At the April 13 Pocahontas County Broadband Council Meeting, John Tuggle of Region 4 informed the members that at a recent meeting with Citynet, it was learned that any USDA Community Connect Grants the council may receive to expand broadband service in the county will be prohibited from encroaching in any way on the vast areas of the county which had been awarded by the FCC’s Rural Digital Opportunity Fund (RDOF) to Frontier Communications.
Tuggle said that it had previously been understood that RDOF areas which were not actively being built could be built by using federal funds received from other sources, such as Community Connect. Tuggle went on to say this new policy is “very disturbing” because it “fouls up the map” by cutting off non-RDOF areas which are surrounded by RDOF areas. Those cut-off areas can no longer be reached by Citynet who would be building broadband under a Community Connect Grant.
Brian Tew, of Thompson and Litton (T&L), described it this way – “The broadband dartboard just got smaller.” He said this means that some areas where we are allowed to build under Community Connect can no longer be reached by Citynet if they have to pass through Frontier’s RDOF area. Basically, this new RDOF policy states that any areas awarded under RDOF are totally off limits to projects funded by any other federal grants or funds.
Frontier has not started building in any of their RDOF awarded areas, and they are now in year three of being awarded their areas. They are allowed up to eight years to complete their broadband projects in their RDOF awarded areas.
Sarah Riley suggested the Broadband Council contact the USDA Senior Policy Advisor to complain about these restrictions, and also to attempt to discuss the new RDOF policy with Conrad Lucas and Allison Ellis, of Frontier Communications who have seemed willing to be cooperative in the past.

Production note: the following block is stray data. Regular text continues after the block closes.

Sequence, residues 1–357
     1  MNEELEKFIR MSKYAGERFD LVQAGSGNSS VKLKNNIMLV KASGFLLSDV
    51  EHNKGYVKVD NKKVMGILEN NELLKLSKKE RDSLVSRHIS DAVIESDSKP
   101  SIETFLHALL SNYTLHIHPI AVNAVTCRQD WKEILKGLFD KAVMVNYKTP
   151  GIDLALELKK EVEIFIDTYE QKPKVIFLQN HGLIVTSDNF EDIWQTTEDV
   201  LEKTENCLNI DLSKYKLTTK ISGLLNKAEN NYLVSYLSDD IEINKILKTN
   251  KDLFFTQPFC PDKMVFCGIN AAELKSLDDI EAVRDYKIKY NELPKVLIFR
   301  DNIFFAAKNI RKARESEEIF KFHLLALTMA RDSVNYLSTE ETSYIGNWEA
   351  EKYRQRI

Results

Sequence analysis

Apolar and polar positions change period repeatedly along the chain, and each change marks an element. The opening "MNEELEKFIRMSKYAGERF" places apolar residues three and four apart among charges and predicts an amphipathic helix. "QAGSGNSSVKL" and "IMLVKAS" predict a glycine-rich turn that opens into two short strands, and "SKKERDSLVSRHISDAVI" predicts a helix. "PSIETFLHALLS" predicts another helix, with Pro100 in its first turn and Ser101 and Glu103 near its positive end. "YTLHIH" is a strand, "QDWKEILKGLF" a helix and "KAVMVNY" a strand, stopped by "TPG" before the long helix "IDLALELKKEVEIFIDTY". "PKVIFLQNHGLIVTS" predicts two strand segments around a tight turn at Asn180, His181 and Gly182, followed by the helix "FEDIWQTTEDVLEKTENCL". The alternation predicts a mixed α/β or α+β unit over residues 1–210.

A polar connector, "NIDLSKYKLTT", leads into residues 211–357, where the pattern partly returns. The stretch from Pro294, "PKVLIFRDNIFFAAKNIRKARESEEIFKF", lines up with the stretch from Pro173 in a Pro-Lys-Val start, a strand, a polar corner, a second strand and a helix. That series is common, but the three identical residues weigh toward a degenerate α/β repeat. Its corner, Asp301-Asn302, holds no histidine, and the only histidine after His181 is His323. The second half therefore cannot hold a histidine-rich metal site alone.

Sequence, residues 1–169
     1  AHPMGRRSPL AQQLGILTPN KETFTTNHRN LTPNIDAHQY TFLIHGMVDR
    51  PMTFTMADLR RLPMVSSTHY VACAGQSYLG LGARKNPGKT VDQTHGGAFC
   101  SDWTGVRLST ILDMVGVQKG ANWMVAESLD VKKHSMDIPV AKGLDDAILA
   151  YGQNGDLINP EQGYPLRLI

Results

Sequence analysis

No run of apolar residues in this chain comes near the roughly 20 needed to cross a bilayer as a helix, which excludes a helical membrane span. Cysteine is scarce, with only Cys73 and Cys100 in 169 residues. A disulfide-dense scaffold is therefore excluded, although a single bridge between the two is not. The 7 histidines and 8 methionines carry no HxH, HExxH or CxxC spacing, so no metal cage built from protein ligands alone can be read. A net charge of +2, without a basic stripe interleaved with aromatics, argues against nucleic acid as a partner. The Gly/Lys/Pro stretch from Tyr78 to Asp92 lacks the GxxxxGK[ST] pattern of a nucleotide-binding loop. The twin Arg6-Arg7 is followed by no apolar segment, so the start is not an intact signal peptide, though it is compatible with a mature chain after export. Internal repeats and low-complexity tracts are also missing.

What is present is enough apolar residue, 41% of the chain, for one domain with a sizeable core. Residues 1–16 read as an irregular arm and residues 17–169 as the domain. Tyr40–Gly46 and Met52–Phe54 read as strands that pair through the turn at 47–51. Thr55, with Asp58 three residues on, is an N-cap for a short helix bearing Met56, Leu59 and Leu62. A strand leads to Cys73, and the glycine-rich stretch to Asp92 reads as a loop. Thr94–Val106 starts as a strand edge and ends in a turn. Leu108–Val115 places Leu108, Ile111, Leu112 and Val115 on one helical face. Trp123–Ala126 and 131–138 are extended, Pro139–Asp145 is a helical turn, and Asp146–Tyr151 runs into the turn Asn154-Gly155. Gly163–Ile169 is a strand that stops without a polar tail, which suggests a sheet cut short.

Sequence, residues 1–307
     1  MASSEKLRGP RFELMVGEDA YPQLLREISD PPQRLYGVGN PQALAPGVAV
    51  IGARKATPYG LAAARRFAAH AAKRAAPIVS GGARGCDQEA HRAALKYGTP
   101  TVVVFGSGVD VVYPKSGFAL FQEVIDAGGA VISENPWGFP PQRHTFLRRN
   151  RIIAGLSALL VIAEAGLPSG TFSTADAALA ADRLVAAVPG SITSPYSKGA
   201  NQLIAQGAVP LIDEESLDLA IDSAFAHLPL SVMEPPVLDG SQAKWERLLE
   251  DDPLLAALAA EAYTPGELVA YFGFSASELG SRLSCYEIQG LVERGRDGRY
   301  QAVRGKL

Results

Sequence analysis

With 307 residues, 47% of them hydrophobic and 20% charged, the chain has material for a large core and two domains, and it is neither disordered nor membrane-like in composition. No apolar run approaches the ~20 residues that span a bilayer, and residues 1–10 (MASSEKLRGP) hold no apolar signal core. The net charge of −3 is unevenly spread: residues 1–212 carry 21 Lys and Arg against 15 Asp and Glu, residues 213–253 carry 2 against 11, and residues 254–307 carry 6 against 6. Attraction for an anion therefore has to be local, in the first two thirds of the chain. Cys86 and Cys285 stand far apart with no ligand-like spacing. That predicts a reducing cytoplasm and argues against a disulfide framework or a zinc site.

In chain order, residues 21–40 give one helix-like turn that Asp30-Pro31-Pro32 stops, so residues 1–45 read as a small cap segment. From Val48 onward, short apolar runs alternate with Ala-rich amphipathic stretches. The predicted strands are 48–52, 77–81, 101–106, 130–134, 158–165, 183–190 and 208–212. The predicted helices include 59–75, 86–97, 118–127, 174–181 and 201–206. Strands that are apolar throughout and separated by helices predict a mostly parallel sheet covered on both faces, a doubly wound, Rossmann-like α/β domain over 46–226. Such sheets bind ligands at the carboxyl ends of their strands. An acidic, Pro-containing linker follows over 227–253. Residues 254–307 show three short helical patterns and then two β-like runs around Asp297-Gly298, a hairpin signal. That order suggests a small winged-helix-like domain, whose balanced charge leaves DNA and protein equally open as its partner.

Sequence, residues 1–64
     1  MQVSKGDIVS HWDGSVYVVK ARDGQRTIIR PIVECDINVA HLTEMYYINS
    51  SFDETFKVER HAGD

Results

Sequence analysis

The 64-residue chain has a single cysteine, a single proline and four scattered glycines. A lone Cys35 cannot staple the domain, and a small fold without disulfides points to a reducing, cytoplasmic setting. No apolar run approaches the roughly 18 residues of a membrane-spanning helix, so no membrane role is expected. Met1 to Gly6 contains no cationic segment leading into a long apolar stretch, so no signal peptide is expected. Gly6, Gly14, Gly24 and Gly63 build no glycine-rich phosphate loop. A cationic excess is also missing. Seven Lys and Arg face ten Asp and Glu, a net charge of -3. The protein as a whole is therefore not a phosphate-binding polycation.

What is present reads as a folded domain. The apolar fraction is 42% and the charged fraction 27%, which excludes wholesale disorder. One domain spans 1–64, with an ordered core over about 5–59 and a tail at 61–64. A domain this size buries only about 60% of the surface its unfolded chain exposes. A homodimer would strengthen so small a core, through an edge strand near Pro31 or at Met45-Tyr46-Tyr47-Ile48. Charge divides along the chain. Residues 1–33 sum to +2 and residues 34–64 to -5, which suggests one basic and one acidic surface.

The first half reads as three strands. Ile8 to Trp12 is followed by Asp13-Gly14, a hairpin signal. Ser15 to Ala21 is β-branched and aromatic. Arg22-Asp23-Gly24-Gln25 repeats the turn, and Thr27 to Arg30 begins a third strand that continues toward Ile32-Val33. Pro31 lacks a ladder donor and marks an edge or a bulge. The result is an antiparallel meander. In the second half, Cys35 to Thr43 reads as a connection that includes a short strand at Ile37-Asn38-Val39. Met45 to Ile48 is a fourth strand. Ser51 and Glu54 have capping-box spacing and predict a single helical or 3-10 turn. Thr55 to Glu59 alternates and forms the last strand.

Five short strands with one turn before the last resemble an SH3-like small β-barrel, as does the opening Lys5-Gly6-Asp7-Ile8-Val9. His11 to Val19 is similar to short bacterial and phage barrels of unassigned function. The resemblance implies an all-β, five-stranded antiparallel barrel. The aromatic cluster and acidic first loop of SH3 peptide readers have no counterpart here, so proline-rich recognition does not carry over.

In his update on the ARC Project, Brian Tew told the council that the project is on hold until after utility pole agreements with Mon Power and Frontier are completed and approved by the county commission. Amanda Smarr of Region 4 said the agreement with Mon Power is almost ready to be returned from the utility, and they hope to use the same agreement for the Frontier poles. Once Region IV reviews these agreements, they will be forwarded to the county commission for its approval, and then the project can move forward.
Amy Truesdale of the Greenbrier Valley Economic Development Corporation (GVEDC) said utilities across the state have been very slow in approving these types of pole agreements because they are slammed with work right now.
Regarding the Broadband Equity, Access and Deployment (BEAD) Program, the council is required to identify and hold a public meeting with under-represented groups such as:
• Members of a racial or ethnic minority group.
• Low-income people.
• Aging people.
• Incarcerated people.
• People with disabilities.
• People with a language barrier.
• And people who primarily live in a rural area.
Region 4 has made up a spreadsheet with contact information for these public meetings, and additional names were added at this meeting. The BEAD meeting is tentatively scheduled for Thursday, April 27, at 1 p.m. at either the Marlinton Town Hall, the Opera House or the library.
According to the BEAD website: The Broadband Equity, Access, and Deployment (BEAD) Program, provides $42.45 billion to expand high-speed internet access by funding planning, infrastructure deployment and adoption programs in all 50 states, Washington D.C., Puerto Rico, the U.S. Virgin Islands, Guam, American Samoa, and the Commonwealth of the Northern Mariana Islands.